The Nebula awards have been announced:

· Cloud Atlas, David Mitchell
· Down and Out in the Magic Kingdom, Cory Doctorow
· The Knight, Gene Wolfe
· Omega, Jack McDevitt
· Paladin of Souls, Lois McMaster Bujold
· Perfect Circle, Sean Stewart

The only one I’ve read is The Knight, so I’d like to see that win. I have read and enjoyed a good handful of books by McDevitt (Moonfall, The Engines of God, Ancient Shores, and Infinity Beach), Sean Stewart’s wonderful Galveston and right now I’m reading Bujold’s Young Miles and enjoying that quite a bit.

DC Comics recently told us what they are publishing in May, and there are some interesting things. The bad news is that Fallen Angel #20 is the final issue of the series. Aside from my normal haul, I'll give Action Comics shot to see how Byrne & Simone work together, JSA since it’s touting the return of Captain Marvel and Morrison’s Seven Soldiers . I’m a sucker for big crossovers so I’ll at least try The Rann/Thanagar War & Villains United. I’m probably most looking forward to Green Lantern #1 since Pacheco’s art is amazing and I like what Johns is doing in Green Lantern: Rebirth. I may try out Desolation Jones, too. No new collections from Vertigo in May to look forward to.

And lastly, as one who blogs about comics, I’m sort of obliged to post The 100 things I love about comics:

  1. 80-page and 100-page Giants
  2. Alan Davis
  3. Alan Moore
  4. Alan Scott
  5. All the Marvel comics my friend John lent me
  6. back issue bins
  7. Batman
  8. Bizarro - not just the character, but the idea of Bizarro things in life
  9. Bizarro Justice League
  10. Booster Gold - not just the character but all 25 issues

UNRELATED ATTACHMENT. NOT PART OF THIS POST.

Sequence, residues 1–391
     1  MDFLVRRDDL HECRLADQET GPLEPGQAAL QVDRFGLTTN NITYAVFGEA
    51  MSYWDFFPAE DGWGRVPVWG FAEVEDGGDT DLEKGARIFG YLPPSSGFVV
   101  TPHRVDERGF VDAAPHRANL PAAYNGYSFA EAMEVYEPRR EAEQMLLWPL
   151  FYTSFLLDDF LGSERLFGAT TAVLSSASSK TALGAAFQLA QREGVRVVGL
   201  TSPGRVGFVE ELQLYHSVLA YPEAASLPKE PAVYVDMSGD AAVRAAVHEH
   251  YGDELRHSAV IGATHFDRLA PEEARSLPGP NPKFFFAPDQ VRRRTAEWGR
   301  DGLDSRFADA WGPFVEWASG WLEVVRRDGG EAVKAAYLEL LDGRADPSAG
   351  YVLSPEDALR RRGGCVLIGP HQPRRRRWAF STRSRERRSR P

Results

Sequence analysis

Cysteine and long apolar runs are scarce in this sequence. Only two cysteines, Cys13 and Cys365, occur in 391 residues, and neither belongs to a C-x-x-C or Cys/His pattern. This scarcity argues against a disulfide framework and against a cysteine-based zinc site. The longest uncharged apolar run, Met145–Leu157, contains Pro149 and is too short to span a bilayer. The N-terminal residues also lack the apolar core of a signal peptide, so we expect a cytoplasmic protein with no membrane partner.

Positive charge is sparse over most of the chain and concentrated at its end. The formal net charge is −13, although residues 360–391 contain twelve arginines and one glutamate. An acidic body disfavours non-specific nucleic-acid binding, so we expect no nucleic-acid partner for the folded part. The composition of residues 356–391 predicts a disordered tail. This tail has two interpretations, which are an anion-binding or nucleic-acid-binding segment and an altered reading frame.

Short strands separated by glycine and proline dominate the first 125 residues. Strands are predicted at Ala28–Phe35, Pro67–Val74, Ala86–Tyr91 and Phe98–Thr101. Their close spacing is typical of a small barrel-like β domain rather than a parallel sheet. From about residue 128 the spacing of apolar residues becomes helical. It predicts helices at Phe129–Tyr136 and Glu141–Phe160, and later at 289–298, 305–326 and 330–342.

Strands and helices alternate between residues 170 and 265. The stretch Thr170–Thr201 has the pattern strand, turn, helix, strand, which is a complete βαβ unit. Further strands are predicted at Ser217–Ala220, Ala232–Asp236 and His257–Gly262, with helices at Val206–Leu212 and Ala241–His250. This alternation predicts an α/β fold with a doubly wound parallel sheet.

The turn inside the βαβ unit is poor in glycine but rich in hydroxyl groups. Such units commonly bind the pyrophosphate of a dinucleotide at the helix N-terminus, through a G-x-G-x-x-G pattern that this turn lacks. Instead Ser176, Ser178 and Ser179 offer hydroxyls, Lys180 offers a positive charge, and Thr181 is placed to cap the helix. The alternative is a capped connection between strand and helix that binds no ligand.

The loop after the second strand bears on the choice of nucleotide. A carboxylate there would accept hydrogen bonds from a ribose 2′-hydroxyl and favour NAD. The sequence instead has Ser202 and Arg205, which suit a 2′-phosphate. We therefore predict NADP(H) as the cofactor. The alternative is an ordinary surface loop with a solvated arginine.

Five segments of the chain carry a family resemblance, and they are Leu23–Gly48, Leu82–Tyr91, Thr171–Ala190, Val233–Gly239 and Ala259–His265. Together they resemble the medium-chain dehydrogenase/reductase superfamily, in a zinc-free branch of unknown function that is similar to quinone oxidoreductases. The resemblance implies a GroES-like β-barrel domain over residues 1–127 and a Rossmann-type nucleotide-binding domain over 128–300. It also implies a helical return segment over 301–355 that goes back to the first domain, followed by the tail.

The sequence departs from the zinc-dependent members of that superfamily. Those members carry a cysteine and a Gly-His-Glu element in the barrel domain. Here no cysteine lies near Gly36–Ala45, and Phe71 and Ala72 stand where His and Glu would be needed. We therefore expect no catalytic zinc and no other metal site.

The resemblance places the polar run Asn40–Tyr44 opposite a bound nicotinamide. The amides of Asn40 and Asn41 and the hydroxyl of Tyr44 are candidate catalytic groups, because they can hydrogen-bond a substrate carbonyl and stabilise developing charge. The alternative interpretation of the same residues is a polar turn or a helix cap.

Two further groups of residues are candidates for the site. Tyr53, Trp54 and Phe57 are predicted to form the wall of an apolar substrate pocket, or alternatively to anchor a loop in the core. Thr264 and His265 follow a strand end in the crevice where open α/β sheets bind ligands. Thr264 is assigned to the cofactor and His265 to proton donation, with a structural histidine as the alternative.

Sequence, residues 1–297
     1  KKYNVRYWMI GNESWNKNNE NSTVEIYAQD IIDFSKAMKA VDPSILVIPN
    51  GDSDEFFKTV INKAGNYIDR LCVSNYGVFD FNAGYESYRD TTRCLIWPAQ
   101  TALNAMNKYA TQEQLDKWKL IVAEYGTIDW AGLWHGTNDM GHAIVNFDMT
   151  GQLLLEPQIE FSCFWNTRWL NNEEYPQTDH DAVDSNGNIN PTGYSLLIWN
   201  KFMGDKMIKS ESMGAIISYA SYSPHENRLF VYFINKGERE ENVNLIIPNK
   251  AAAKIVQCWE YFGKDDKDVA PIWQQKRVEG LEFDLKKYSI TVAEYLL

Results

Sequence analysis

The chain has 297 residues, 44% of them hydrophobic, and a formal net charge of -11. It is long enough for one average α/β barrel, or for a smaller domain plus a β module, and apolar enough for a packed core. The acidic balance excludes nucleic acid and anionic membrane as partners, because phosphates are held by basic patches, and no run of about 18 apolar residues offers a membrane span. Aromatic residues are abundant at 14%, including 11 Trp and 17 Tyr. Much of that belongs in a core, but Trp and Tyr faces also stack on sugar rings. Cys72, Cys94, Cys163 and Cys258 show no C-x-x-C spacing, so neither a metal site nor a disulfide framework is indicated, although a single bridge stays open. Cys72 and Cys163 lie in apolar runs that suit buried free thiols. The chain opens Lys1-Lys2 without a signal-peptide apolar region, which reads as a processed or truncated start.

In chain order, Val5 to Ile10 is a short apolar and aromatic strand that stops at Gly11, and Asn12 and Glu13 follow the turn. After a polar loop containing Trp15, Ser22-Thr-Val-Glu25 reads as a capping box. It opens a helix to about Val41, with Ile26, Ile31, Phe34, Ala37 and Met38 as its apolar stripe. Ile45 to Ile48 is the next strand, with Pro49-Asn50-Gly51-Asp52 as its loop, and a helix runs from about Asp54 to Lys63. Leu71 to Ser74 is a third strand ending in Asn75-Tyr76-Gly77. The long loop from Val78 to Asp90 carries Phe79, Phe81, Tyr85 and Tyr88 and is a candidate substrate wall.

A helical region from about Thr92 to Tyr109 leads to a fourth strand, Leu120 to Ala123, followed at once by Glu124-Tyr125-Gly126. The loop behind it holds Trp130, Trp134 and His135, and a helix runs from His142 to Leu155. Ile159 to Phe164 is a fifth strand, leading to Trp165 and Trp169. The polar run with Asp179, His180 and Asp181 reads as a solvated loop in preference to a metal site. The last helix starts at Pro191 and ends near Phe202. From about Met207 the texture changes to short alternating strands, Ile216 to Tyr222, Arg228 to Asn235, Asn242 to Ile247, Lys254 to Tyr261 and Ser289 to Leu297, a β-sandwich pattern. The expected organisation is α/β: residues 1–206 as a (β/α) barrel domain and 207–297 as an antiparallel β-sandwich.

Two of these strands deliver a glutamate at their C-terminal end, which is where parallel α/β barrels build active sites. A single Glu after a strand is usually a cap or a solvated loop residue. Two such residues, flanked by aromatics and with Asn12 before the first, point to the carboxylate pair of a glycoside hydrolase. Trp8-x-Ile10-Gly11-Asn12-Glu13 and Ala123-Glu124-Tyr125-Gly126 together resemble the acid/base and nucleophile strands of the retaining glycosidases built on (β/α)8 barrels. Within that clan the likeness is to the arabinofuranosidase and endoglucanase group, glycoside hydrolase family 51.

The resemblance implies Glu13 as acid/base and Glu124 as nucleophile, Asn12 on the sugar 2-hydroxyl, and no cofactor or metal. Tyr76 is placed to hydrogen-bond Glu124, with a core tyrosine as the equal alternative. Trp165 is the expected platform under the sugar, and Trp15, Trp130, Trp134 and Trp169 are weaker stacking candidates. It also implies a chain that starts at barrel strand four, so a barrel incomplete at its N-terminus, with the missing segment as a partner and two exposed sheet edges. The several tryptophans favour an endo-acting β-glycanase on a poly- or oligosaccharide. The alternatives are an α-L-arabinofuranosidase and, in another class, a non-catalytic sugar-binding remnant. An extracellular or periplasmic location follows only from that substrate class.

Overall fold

11. Calvin & Hobbes
  12. Captain America by Waid/Garney
  13. Captain Marvel's rogue's gallery - Mr. Mind, Black Adam, etc
  14. Comic Book catch-phrases "Great Hera!" "Merciful Rao!" "I SAY THEE NAY" "HOLY MOLEY!" "AVENGERS ASSEMBLE!" "HULK SMASH!"
  15. Comic book conventions
  16. Comic book "science and logic"
  17. Crisis on Infinte Earths
  18. Darkseid
  19. DC Comics Presents
  20. Definitive Runs
  21. Discovering new titles and hunting down the back issues
  22. Dr. Doom
  23. Dressing up like Superman, Spider-man and Captain America for Halloween
  24. Earth-2, Earth-S, Earth-X, Pre-Crisis DC
  25. Elseworlds - before it was over-used
  26. Evil Dopplegangers
  27. For the Man Who Has Everything by Alan Moore & Dave Gibbons
  28. Galactus
  29. George Perez
  30. Gil Kane - one of the first artists whose style I instantly recognized
  31. Gorillas, especially talking telepathic gorillas
  32. Grant Morrison
  33. Great creative teams with Synchronicity in storytelling - Waid/Wieringo, Morrison/Quietly, Kirby/Lee, Claremont/Byrne, O'Neill/Adams
  34. Green Lantern
  35. Green Lantern/Green Arrow by O'neill and Adams
  36. GrimJack
  37., and the rest of the comics blogo-verse
  38. "Imaginary Stories"
  39. In brightest day, in blackest night, no evil shall escape my sight, let those who worship EVIL's might...beware my power..GREEN LANTERN'S LIGHT
  40. Jack Kirby
  41. Jack Kirby's DC Super Powers miniseries
  42. JLA/Avengers
  43. John Byrne's work in the 80s
  44. Julius Schwartz
  45. Keeping Ma & Pa Kent alive
  46. King Kirby
  47. Kingdom Come
  48. Krypto
  49. Kurt Busiek
  50. Letter columns
  51. Mark Waid's run on The Flash
  52. Martha Washington Goes to War by Miller/Gibbons
  53. Marvel's 25th anniversary covers
  54. Marvel v. DC - not so much the limited series but the years of fans bickering that inspired it
  55. Marvels by Busiek & Ross
  56. Morrison's JLA
  57. Nazis - the ultimate comic book villians
  58. Neal Adams' Batman
  59. Neil Gaiman
  60. Neil Gaiman's Sandman
  61. Nightcrawler Limited series from the '80s
  62. Parallel Universes
  63. Peter David's The Incredible Hulk
  64. Preacher
  65. Rogues Galleries
  66. Secret Wars
  67. Spider-man
  68. Spider-man and his Amazing Friends
  69. Stan the Man
  70. Superfriends
  71. Superhero Records
  72. Superman/Captain Marvel battles
  73. Superman/Flash Races
  74. Superman: Secret Identity
  75. The Adventures of Kavalier and Klay
  76. The Amalgam Age of Comics
  77. The Big Red Cheese - the original Captain Marvel SHAZAM!
  78. The Crime Syndicate of Amerika of Earth-2 and Earth-3
  79. The Crow
  80. The Dark Knight Returns
  81. The Fantastic Four
  82. The Far Side